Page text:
Baltimore County appeals board halts Lake Roland project over ‘severely overburdened’ sewer line

Baltimore County officials have stopped a proposal to transform a tiny Falls Road shopping strip near Lake Roland Park into a cluster of apartments, restaurants and offices because the sewer system is inadequate. The Baltimore County Board of Appeals recently upheld a judge’s rejection of a plan created by the Bluestem development team, which includes Baltimore-based Vanguard Retail Property Development. Neighbors have spent years voicing concerns about the project’s impact to an area already dealing with traffic and sewer problems, as well as on the park. The decision comes amid the county’s federal obligation to complete more than $800 million in sewer improvements. (Balt. Sun)

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Ravens' success on the field is a win for M&T Bank "

M&T Bank is embracing purple — not green — as the Baltimore Ravens begin what local football fans hope will the beginning of a long playoff run ending with a Super Bowl win. The bank's local headquarters at One Light is one of many building across the straight painting Baltimore purple ahead of the Ravens' showdown on Saturday night with the Tennessee Titans. Anticipation is high with the Ravens coming in as the top-seeded team in the AFC and on a 12-game winning streak. Second-year quarterback Lamar Jackson is the presumptive NFL Most Valuable Player after a record-breaking season and for the first time ever the Ravens have home-field advantage throughout the playoffs. (Balt. Bus. Journal)

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Board of Public Works approves refinancing for Union Collective

Union Collective will refinance its debt in an effort to keep rent attractive for tenants. Maryland Board of Public Works members on Wednesday approved a $3 million loan to the makerspace, which opened in 2018 inside a former Sears Roebuck warehouse in Medfield, near Hampden. The money will come from Neighborhood Business Works, a state program established to support small businesses in designated revitalization areas. (Balt Bus Journal)

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New restaurant opens in old Annapolis Seafood market in Severna Park

There's a new restaurant where the Severna Park outpost of the Annapolis Seafood market used to be. You can still buy crabs, shrimp and fish at 552-L Ritchie Highway — but now they arrive on a plate rather than raw or in a carry-out bag. Sullivan's Cove, an eatery serving seafood, steak, salads and other American classics, opened last weekend in the seafood market's old home. The space has been transformed into a 150-seat dining room featuring reclaimed and repurposed materials. (Balt Bus Journal)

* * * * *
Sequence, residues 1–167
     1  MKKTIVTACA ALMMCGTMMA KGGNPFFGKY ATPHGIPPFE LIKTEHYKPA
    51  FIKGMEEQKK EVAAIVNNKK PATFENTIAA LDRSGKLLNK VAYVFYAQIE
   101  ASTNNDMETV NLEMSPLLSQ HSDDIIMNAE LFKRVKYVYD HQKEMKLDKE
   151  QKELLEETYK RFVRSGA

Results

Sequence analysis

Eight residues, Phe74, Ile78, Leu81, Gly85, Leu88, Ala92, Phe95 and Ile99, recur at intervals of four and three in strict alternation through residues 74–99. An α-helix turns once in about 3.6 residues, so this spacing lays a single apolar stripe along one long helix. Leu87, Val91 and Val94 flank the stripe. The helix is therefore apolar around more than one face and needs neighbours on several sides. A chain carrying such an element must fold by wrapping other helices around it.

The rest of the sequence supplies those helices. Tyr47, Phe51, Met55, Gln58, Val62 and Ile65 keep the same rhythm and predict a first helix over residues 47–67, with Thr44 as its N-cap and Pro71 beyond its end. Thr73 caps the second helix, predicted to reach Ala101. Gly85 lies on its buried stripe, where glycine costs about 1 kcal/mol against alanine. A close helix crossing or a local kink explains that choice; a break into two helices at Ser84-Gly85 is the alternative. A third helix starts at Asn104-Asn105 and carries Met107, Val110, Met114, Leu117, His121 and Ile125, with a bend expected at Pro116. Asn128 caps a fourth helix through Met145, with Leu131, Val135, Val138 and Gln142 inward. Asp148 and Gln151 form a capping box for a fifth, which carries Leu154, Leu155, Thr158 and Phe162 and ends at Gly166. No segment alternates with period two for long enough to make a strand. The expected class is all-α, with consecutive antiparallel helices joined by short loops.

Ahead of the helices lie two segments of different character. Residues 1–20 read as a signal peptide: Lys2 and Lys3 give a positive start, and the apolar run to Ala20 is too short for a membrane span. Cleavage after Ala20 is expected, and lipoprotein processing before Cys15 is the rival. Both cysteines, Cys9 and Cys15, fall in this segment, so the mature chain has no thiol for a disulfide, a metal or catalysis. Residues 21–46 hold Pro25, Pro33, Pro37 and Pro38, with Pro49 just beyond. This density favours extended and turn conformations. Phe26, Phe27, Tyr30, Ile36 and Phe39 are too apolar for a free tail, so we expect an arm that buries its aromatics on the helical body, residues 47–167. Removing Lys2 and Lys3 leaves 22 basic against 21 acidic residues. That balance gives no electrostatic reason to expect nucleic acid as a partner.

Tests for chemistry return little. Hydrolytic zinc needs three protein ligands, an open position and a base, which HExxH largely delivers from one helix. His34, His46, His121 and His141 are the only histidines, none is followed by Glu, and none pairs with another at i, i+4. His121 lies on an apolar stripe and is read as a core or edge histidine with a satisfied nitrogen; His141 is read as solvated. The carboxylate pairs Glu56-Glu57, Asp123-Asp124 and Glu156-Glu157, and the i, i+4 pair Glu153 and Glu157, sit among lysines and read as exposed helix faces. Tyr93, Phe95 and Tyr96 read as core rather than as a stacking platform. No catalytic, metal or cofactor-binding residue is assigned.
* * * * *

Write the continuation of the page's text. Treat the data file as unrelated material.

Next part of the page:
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This Bethesda ed-tech startup wants to teach more doctors. A fresh $3.7M will help.

Mary Ellen Beliveau’s newborn daughter had congenital heart disease. Before getting the right diagnosis, she underwent unnecessary interventions that complicated the condition. She’s now a healthy adult. But the experience made it clear that “the right tools aren’t here to help physicians practice at the top of their license,” Beliveau said. (Wash Journal)

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TEDCO taps retired National Guard major general as interim CEO

Linda L. Singh, who was the first woman and first African American to lead Maryland’s National Guard, has been named interim CEO of Maryland Technology Development Corp. (TEDCO). Singh, who retired from a post as adjutant general in the Maryland Military Department in July, will be filling the top seat at the state-backed funding organization, which has been without a top executive since July 31. (Wash Journal)

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The Mid-Atlantic Nursery Trade Show has run out of room in Baltimore, but it's not going anywhere

Vanessa Finney has a waitlist of about 120 companies that want to exhibit at the annual Mid-Atlantic Nursery Trade Show in Baltimore, but the event's executive vice president simply doesn't have enough room in the convention center to fit them all. The show, which is in town from Jan. 8-10, fills all of the 300,000 square feet of contiguous exhibit space at the center it has called home for the past 40 years of its 50-year history. (Balt Bus Journal)

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Gaithersburg company lands $10.2M DOD contract for war on superbugs

The federal government has tapped a local company to help defend against superbugs. Gaithersburg’s Adaptive Phage Therapeutics Inc. has earned a $10.2 million contract with the Department of Defense to help advance PhageBank, APT's collection of viruses that target specific pathogens and kill drug-resistant bacteria. The ultimate goal is to make its therapy for drug-resistant infections available to the U.S. military and the public, APT said Wednesday. (Wash. Bus. Journal)

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